Although prone to sentimentality, Oliver Stone generally manages to maintain JFK’s sensorial and intellectual onslaught once things get going, only losing his grip whenever the camera goes inside the home of the movie’s justice-pursuing hero, investigative New Orleans D.A. Jim Garrison (1921–1992), played by Kevin Costner.[1]

Sloppily written and conventionally staged, these scenes featuring Garrison and wife Liz (Sissy Spacek) feel like stuff straight out of the daytime soap universe. Worse yet are the D.A.’s conversations with his older son (the filmmaker’s real-life son, Sean Stone), which are as hokey as anything you’ll find in the most sickening family sitcoms.

Elsewhere, when we have our hero on the trail of an endless assortment of conspirators, murderers, and psychopaths, Stone never lets JFK miss a beat.

JFK movie Tommy Lee Jones Clay ShawJFK movie with Tommy Lee Jones as Clay Shaw: Oliver Stone has said that Akira Kurosawa’s Rashomonwhose “truth”? – was a key inspiration for JFK, which, in tone, actually feels much closer to Alan J. Pakula’s All the President’s Men and, especially, Costa-GavrasZ.

Fey Tommy Lee Jones + unusually restrained Gary Oldman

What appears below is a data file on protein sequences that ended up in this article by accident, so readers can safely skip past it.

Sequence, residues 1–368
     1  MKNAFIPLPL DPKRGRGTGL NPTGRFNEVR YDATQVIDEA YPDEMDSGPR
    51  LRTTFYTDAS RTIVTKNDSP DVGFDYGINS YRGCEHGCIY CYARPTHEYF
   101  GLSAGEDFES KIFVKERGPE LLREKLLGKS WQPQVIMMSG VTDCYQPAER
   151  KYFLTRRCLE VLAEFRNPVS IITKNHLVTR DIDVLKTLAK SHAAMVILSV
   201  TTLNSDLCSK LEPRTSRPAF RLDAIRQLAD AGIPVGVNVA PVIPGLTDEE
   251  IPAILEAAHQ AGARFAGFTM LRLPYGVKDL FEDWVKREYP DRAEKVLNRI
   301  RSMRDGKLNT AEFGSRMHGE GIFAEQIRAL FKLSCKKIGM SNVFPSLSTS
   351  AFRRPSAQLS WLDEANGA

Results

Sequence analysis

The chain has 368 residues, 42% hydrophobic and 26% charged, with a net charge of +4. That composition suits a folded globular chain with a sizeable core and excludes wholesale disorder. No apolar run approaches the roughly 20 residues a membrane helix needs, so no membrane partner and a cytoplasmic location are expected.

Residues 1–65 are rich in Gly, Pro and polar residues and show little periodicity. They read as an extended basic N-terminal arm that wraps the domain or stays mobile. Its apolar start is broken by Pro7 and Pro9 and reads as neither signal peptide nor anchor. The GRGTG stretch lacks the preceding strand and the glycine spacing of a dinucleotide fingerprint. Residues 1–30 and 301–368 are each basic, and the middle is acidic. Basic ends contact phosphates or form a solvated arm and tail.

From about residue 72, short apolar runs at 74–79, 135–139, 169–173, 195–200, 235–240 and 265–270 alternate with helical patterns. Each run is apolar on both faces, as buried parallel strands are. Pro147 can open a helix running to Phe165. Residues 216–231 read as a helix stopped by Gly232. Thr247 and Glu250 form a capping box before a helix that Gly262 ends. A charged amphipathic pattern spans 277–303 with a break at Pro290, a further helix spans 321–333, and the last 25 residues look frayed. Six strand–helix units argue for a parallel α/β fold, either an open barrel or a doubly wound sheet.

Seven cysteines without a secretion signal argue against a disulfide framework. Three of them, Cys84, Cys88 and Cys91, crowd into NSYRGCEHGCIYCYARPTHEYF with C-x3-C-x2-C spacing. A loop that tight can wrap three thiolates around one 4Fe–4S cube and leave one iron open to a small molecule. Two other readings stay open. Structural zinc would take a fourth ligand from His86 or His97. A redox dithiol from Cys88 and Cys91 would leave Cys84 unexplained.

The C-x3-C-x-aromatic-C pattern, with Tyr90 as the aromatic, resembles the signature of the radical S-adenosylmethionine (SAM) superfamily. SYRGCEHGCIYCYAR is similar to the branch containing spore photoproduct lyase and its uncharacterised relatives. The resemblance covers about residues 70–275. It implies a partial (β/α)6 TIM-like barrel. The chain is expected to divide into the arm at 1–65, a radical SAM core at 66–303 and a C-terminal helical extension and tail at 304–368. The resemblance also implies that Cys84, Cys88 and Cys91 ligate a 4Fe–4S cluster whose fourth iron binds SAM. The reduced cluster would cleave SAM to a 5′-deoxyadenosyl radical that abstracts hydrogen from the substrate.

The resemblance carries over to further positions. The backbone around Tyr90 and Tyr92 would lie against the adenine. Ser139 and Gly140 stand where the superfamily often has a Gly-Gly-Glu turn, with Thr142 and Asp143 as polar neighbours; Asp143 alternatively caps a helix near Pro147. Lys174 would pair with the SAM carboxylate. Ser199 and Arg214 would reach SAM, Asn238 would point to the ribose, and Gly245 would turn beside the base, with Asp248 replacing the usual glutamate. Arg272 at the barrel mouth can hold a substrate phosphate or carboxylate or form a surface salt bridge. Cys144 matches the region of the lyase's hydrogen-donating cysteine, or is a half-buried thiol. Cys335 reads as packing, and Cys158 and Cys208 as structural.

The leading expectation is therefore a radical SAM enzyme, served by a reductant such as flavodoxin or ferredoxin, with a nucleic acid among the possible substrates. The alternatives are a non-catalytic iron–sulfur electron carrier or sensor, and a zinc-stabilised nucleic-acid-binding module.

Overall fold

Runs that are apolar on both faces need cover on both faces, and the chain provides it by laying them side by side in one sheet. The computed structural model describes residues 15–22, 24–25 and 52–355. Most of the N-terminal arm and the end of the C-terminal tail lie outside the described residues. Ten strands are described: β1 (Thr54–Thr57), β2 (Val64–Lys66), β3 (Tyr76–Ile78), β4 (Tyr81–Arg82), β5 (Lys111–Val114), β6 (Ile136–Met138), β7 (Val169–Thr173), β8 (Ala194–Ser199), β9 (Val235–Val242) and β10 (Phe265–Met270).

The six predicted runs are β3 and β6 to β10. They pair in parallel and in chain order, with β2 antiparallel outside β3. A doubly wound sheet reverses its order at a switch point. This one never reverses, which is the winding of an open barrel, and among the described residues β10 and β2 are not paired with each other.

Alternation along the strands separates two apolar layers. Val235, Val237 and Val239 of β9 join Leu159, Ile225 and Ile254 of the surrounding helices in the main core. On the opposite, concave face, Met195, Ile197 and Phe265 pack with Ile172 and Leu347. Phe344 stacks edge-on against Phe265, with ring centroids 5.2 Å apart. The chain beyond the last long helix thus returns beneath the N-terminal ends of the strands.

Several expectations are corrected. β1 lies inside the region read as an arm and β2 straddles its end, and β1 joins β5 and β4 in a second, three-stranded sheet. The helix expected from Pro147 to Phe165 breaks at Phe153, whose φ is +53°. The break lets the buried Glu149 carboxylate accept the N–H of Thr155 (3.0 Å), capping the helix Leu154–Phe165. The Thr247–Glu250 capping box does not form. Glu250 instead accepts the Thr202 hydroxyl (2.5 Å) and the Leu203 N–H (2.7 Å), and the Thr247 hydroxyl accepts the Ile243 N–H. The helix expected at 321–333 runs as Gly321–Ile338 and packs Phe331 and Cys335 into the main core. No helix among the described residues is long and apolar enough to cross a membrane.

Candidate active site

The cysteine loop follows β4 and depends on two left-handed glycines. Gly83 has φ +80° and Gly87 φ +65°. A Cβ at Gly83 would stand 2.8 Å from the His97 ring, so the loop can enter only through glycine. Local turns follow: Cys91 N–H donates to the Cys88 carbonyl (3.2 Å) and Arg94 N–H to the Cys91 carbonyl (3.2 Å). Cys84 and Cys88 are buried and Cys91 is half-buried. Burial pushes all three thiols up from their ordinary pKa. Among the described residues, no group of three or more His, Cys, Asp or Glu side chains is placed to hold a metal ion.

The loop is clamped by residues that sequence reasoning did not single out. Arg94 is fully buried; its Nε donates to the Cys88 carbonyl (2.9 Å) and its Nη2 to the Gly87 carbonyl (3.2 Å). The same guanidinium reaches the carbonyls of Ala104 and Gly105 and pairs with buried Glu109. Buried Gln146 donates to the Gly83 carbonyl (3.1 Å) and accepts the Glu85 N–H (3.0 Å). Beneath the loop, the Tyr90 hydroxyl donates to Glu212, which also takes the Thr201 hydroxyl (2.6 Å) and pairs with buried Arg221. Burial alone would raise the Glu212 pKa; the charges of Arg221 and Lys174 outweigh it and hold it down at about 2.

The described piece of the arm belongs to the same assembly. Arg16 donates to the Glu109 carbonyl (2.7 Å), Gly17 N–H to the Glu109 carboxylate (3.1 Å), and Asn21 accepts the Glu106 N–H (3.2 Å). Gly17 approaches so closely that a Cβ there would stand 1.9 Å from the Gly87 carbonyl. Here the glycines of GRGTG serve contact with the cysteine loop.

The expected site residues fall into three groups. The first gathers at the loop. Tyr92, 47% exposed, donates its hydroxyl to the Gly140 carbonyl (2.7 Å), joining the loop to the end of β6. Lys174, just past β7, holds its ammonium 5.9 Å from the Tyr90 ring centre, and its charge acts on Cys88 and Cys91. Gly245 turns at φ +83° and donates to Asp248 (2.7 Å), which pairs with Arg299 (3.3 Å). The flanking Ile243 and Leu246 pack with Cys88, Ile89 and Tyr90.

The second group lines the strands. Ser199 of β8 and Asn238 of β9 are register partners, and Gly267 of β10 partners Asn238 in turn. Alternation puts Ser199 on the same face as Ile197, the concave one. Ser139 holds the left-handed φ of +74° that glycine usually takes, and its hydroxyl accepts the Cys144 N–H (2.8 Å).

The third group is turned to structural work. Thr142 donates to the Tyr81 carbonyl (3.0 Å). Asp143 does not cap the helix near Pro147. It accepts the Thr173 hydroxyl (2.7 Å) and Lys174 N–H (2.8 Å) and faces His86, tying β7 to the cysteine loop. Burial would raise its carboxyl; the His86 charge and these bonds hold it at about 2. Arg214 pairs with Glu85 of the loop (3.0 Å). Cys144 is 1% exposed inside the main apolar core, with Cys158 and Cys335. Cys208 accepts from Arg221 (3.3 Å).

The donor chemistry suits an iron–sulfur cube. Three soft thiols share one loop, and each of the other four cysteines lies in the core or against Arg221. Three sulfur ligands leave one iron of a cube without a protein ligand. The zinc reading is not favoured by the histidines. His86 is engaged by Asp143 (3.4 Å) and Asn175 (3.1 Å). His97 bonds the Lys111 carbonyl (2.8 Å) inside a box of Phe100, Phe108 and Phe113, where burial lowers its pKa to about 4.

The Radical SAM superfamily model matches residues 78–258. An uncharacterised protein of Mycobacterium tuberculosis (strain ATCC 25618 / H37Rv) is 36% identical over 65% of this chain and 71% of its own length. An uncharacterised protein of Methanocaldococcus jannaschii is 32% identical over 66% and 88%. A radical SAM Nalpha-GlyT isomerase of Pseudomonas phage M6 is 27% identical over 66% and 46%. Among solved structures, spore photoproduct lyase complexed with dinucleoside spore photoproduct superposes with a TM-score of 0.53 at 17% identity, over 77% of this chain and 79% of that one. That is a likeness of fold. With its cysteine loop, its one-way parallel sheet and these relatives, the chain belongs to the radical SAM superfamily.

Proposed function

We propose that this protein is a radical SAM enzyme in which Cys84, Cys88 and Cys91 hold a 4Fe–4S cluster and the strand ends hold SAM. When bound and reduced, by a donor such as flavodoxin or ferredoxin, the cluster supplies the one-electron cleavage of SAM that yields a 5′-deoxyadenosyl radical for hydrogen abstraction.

As for JFK’s star-studded cast, some survive the cinematic mayhem, others don’t.[2]

The thriller starts out poorly, with a weepy Jack Lemmon and a malevolent Edward Asner as a couple of dueling hams, but things vastly improve from then on.

Cast against type, John Candy delivers a memorable performance as sweaty, twitching trial witness Dean Andrews Jr., and so does eventual Best Supporting Actor Oscar nominee Tommy Lee Jones as D.A. Garrison’s target: The decadent and oh-so-slightly effeminate gay New Orleans businessman Clay Shaw (1913–1974), who – shades of Marcel Bozzuffi’s murderous gay fascist in Costa-Gavras’ Z – may or may not have been a CIA spy involved in the Kennedy assassination. (It must be noted that in a 1967 interview, Shaw doesn’t seem at all effeminate.)

Gary Oldman, for his part, sheds his oft-times mannered persona to bring Lee Harvey Oswald back to life; the resemblance between the Prick Up Your Ears and Dracula actor and the real-life assassin is uncanny.

Mr. Garrison goes to Washington

The same cannot be said of Kevin Costner and Jim Garrison, who look about as similar as a camel and a platypus. Even so, that doesn’t prevent the No Way Out and Field of Dreams actor from reaching a career peak for his star turn as JFK’s fearless truth seeker.

Less an early James Stewart type than a cross between John Garfield and Gary Cooper, this latter-day Mr. Smith goes to Washington not to draw red-white-and-blue strength from the Lincoln Memorial but to delve into a far-reaching conspiracy whose aim is to destroy the United States’ democratic institutions.

Like the American film heroes of yore, Costner’s Garrison is a decent, straightforward, and commanding fellow, with shoulders broad enough to carry the weight of a whole nation. During his climactic courtroom speech, he’s all determination and respectability; one doesn’t expect him to get weak-kneed while espousing the next American Revolution, and, as it happens, Costner’s/Garrison’s knees never buckle.